Cell proliferation assays

Cell proliferation assays were performed according to previous descriptions [27]. Briefly, cells were seeded into 96-well tissue culture plates at an initial density of 3000 cells/well in 100 μl of culture medium. After different time intervals, the cell viability was determined with a Cell Counting Kit-8 (CCK-8, Dojindo Molecular Technologies, Oslo, Norway) following the manufacturer’s protocol.

Statistical analysis

SPSS (version 16.0) for windows was used for all statistical analyses. The chi-squared test was used to examine possible correlations between DACH1 expression and clinicopathologic factors. Pearson’s correlation coefficient statistics method was used to examine the correlations between levels of DACH1 expression and target gene expression. P < 0.05 was considered statistically significant.

Results

Reduced DACH1 expression in both lung adenocarcinoma tissues and cells

In order to determine the alteration of DACH1 expression in lung cancer, we performed Western blotting (WB) and IHC analysis of DACH1 levels between the 36 pairs of lung adenocarcinoma tissues and adjacent non-tumor tissues. Figure 1a, b respectively demonstrates the representative IHC and WB photos, from which we can see that DACH1, which confined to the nuclear of normal and malignant pulmonary epithelial cells, is obviously downregulated in lung adenocarcinoma tissues. Consistent results were obtained in cultured cell lines by WB with the results shown in the right panel of Fig. 1b, which reveals that comparing with BEAS-2B cells (a normal alveolar epithelium cell line), DACH1 expression was significantly decreased in both two lung adenocarcinoma cell lines, LTEP-α-2 and A549. The relatively low expression of DACH1 in lung adenocarcinoma tissues and cells was validated by real-time PCR (RT-PCR) analysis, with results showing in Fig. 1c, d (*p < 0.05, **p < 0.01).
Fig. 1

Decreased DACH1 expression in lung cancer tissues and cells. a Representative photos of immunohistochemistry for DACH1 in pairs of lung cancer tissues and adjacent non-tumor tissues (scale bar 50 μm). b Left panel: representative photos of Western blotting for DACH1 in pairs of lung cancer tissues and adjacent non-tumor tissues. Right panel: Western blotting analysis for DACH1 expression in LTEP-α-2, A549, and BEAS-2B cells. cd Relative levels of DACH1 in normal and malignant tissues (c) and cells (d) by real-time PCR analysis. Data are shown as mean ± SEM, *p < 0.05, **p < 0.01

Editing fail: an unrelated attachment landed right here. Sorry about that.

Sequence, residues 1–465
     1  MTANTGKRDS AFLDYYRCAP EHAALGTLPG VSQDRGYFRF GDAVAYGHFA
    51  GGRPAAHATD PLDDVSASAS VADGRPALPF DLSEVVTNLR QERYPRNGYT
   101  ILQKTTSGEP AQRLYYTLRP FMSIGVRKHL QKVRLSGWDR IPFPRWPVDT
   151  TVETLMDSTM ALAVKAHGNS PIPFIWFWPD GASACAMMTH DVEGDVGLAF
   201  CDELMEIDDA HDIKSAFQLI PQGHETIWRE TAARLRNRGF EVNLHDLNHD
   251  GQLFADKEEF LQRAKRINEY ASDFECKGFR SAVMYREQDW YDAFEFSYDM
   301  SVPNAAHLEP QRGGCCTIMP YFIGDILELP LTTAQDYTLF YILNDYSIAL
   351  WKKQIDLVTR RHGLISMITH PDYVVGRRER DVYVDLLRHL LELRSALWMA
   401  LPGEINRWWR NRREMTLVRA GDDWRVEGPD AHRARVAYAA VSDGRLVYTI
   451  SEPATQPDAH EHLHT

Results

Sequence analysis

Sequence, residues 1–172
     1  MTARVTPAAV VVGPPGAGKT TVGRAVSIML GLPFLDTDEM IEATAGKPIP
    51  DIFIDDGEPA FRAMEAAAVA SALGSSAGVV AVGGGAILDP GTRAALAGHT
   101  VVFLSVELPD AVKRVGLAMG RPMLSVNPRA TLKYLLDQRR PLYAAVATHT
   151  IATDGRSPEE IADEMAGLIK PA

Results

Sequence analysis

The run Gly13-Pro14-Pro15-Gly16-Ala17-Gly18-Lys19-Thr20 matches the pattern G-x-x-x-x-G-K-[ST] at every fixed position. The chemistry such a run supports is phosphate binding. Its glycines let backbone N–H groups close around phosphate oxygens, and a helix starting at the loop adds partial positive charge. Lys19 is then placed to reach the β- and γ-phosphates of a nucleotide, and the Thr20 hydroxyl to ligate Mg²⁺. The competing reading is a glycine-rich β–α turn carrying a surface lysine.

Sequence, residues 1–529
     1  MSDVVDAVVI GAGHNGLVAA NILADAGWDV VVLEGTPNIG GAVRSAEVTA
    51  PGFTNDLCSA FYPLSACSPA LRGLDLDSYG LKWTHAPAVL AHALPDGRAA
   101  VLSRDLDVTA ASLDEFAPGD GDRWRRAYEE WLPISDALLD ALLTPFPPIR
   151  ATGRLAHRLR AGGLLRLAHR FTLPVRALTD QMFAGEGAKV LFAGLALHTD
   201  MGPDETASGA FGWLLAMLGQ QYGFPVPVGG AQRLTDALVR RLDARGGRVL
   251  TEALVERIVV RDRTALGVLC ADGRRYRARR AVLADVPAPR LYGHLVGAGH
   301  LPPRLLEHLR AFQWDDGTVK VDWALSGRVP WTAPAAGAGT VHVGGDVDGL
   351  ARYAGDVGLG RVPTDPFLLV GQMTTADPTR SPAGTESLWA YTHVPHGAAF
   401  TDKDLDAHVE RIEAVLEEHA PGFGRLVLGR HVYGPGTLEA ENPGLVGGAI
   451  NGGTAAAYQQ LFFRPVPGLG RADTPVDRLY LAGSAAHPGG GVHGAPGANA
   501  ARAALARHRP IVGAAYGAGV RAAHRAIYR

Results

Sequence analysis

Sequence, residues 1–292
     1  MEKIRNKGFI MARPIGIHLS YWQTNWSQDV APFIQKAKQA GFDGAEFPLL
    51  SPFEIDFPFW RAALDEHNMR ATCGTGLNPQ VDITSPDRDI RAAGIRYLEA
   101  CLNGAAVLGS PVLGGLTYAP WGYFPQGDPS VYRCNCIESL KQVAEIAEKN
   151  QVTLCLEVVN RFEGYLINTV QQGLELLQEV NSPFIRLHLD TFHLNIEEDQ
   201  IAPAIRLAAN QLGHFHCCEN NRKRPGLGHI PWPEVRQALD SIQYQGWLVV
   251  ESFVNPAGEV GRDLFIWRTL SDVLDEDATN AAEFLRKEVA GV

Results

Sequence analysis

PRX3 was significantly upregulated in both lung adenocarcinoma tissues and cells

Similar experiments were also employed to compare the expression of PRX3 in normal and malignant lung tissues and cells. Figure 2a, b respectively demonstrates the representative IHC and WB photos, from which we can see that the expression of PRX3, which confined to the cytoplasm of normal and malignant pulmonary epithelial cells, is significantly increased in lung adenocarcinoma tissues and cells. Also, RT-PCR was used to compare the messenger RNA (mRNA) levels of PRX3 in normal and malignant lung epithelial tissues and cells. Figure 2c demonstrates that the average level of PRX3 mRNA was significantly decreased in all the 36 collected lung adenocarcinoma tissues (*p < 0.05) in comparison with normal tissues. In accordance, the levels of PRX3 in both LTEP-α-2 and A549 cells were remarkably higher than that in BEAS-2B cells (**P < 0.01, Fig. 2d).
Fig. 2

Increased PRX3 expression in lung cancer tissues and cells. a Representative photos of immunohistochemistry for PRX3 in pairs of lung cancer tissues and adjacent non-tumor tissues (scale bar 50 μm). b Left panel: representative photos of Western blotting for PRX3 in pairs of lung cancer tissues and adjacent non-tumor tissues. Right panel: Western blotting analysis for PRX3 expression in LTEP-α-2, A549, and BEAS-2B cells. cd Relative levels of PRX3 in normal and malignant tissues (c) and cells (d) by real-time PCR analysis. Data are shown as mean ± SEM, *p < 0.05, **p < 0.01

Overexpression of DACH1 downregulates PRX3 levels in lung cancer cells

Considering the downregulation of DACH1 (Fig. 1) and upregulation of PRX3 (Fig. 2) expression in human lung adenocarcinoma cells and tissues, we hypothesized that there may be a negative correlation between their intracellular levels. In order to verify this hypothesis, the luciferase reporter system was employed to investigate the regulatory role of DACH1 in the expression of PRX3. Figure 3a revealed that transfection of DACH1 but not empty vectors significantly decreased the luciferase levels expressed in both lung cancer cells (**P < 0.01). The results were confirmed by direct detection of PRX3 levels by RT-PCR and WB analysis. As we can see from Fig. 3b–c, the intracellular levels of PRX3 in both mRNA and protein levels experienced a significant decrease in DACH1-transfected cancer cells (**P < 0.01).
Fig. 3

PRX3 may be a direct target of DACH1 in vitro. a The luciferase activity was significantly lower when transfected with DACH1 but not empty vectors in both LTEP-α-2 and A549 cells. b Transfection with DACH1 can remarkably downregulate cellular PRX3 expression in both LTEP-α-2 and A549 cells by real-time PCR analysis. c Western blotting analysis for DACH1 and PRX3 expression in wild-type and DACH1 transfected lung cancer cells (LTEP-α-2 and A549). Data are shown as mean ± SEM (n = 3), **p < 0.01